Deputy Michael Lowry: Funding an 'opportunity to respond to the emerging challenges for rural areas'
A total of €918,495 is being made available to Tipperary under Transitional LEADER Funding.
The money has been welcomed by Deputy Michael Lowry and Deputy Jackie Cahill.
This funding will bridge the gap between EU LEADER programming periods and is part of a €20m funding package announced by Minister for Rural and Community Development Heather Humphreys to support locally led rural development.
The Transitional LEADER Programme will come into effect in April of next year.
“The Transitional Programme will give local communities and enterprises an opportunity to respond to the emerging challenges for rural areas and to look ahead to issues that are likely to feature in the next EU programme. It will allow the local development companies to build capacity within communities who have not received LEADER funding to date, while also facilitating preparations for the next LEADER programme,” said Deputy Lowry.
Deputy Lowry also confirmed that there will be some flexibilities in relation to the finalisation of the current LEADER programme.
“In line with a commitment in the Programme for Government, the Transitional LEADER Programme will bridge a gap between the wind-up of the current 2014-2020 LEADER Programme and the start of the next EU programme, which is not likely to commence until 2023 due to delays at EU level,” he said.
Key elements of the Transitional LEADER Funding include an initial allocation of €20 million, which will be available under the Transitional Programme to cover new projects and the administration costs of the Local Action Groups who deliver the programme.
Funding for the Transitional Programme will be reviewed in 2021 when there is certainty regarding EU funding for the transitional period to 2023.
Project approvals under the Transitional Programme will commence from April 1, 2021. However, Local Action Groups can work on identifying and animating potential projects from January 1.
Funding will also be provided in 2021 to the Local Action Groups for the on-going management and delivery of projects still running under the 2014-2020 LEADER programme.
The programme will also support job creation, foster and encourage entrepreneurship, and support projects which address the climate agenda, digital transformation and encourage rural communities to build on their existing strengths and assets.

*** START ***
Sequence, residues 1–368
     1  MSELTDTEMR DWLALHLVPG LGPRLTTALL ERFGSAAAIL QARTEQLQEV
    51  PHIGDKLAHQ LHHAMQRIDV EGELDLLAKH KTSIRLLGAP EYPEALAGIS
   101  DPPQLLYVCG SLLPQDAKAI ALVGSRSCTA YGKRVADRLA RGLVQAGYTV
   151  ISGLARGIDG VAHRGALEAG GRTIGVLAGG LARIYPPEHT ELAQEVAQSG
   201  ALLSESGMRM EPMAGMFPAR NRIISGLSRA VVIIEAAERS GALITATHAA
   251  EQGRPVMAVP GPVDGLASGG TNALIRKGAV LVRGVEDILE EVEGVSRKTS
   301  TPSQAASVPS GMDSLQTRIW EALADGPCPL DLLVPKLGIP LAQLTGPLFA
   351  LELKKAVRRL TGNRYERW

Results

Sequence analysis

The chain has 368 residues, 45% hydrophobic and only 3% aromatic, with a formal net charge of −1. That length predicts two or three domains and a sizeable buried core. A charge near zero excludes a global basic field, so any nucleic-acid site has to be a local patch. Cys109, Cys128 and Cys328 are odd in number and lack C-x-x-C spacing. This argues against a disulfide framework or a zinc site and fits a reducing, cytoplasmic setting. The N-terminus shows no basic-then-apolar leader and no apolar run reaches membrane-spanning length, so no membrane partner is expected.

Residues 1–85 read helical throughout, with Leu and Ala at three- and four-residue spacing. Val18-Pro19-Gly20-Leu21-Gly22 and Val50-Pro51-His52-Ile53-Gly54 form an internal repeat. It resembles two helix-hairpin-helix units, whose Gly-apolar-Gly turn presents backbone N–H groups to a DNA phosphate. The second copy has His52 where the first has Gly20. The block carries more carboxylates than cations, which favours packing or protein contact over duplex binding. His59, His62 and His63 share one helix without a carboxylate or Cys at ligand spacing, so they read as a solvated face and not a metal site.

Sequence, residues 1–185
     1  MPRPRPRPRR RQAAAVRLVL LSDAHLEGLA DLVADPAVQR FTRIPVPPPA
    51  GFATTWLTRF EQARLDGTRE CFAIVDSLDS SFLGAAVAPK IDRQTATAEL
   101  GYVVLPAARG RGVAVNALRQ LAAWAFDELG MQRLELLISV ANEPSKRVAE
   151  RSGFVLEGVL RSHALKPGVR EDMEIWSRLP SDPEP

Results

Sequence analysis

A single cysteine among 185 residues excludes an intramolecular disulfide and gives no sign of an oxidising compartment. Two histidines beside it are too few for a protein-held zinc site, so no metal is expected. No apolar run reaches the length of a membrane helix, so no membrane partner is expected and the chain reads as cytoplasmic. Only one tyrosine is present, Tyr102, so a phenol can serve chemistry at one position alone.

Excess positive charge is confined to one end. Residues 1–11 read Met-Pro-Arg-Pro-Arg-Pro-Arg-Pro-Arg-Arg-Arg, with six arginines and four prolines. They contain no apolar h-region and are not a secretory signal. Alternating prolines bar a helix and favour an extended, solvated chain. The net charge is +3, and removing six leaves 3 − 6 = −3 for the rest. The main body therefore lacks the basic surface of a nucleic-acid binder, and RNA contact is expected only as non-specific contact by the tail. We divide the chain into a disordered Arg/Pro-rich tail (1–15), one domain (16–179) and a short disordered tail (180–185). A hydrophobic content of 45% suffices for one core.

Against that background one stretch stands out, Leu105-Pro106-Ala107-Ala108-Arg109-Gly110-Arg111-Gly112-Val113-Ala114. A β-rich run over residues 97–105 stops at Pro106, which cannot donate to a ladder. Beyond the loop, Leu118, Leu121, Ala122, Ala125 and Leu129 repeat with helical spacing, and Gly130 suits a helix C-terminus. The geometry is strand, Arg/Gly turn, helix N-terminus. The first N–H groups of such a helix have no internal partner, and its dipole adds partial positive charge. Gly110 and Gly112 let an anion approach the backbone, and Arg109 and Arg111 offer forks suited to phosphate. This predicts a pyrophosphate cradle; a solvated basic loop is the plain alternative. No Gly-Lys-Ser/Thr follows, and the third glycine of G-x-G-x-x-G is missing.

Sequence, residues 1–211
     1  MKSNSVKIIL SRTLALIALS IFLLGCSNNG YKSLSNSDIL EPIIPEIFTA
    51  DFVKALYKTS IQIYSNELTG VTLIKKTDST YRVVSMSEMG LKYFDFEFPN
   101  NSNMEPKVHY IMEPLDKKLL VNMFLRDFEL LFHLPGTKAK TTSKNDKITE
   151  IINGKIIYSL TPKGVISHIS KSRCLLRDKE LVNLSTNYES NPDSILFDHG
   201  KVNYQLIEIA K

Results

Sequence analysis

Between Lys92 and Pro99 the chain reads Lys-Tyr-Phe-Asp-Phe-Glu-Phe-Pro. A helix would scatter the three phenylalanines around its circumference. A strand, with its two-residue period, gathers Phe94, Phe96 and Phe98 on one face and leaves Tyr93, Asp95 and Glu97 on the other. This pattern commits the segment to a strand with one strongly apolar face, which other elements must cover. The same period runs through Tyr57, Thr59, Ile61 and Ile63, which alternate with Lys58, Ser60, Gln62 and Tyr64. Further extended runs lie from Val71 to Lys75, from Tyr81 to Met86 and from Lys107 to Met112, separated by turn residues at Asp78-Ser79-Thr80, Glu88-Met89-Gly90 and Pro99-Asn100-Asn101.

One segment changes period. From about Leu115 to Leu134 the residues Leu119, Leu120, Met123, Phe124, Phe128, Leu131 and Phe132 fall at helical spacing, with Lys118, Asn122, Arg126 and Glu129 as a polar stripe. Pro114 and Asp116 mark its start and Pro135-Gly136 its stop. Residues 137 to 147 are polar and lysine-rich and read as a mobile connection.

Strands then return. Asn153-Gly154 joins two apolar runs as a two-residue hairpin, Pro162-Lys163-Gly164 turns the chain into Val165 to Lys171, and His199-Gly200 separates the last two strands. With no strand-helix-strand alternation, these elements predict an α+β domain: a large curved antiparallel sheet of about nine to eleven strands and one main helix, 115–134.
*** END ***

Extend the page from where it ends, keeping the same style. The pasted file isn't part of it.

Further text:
Under the Transitional Programme, the grant rate for enterprises and commercial projects will be increased from a maximum of 50% to a maximum of 75% to support enterprise development and job creation in rural areas.
A new call for proposals under the LEADER Food Initiative, which supports new and existing artisan, micro and small food producers, will be announced in 2021.
The deadline for commitments under the current LEADER programme will be extended to the end of March 2021 to facilitate the full allocation of funds available under that programme.
Under the current programme, Local Action Groups will be allowed to recommit unused funding due, for example, to underspends or projects not proceeding.
Since 1991, the LEADER Programme had played an important role in the development and enhancement of rural areas, by providing critical funding to rural economies, and supporting rural communities to implement a local-led bottom-up approach to developing their own areas,” said Deputy Lowry.
With co-financing from the EU, LEADER has supported thousands of projects across Ireland. It had also contributed to job creation, community development and environmental projects throughout the length and breadth of rural Ireland.
The funding situation for the Transitional Programme will be reviewed when Regulations governing the transitional period are signed at EU level and when there is clarity regarding EU funding for the transitional period. It is expected that these issues will be finalised early next year.
Meanwhile, Deputy Cahill said he was delighted to welcome the Government’s commitment to bridging the gap between the two LEADER programmes.
This was a key commitment in the Programme for Government, that would ensure that rural areas in particular could continue to draw down funding for local, community-based projects under LEADER.
In recent times, LEADER budgets have been fully drawn down and local organisations required certainty that financial supports would remain in place, he said.
“The announcement by my Government colleagues is something I have been calling for for some time. We see a clear commitment from the Government that LEADER will continue through this transition period, and this is something that rural areas in particular will benefit from," said Deputy Cahill.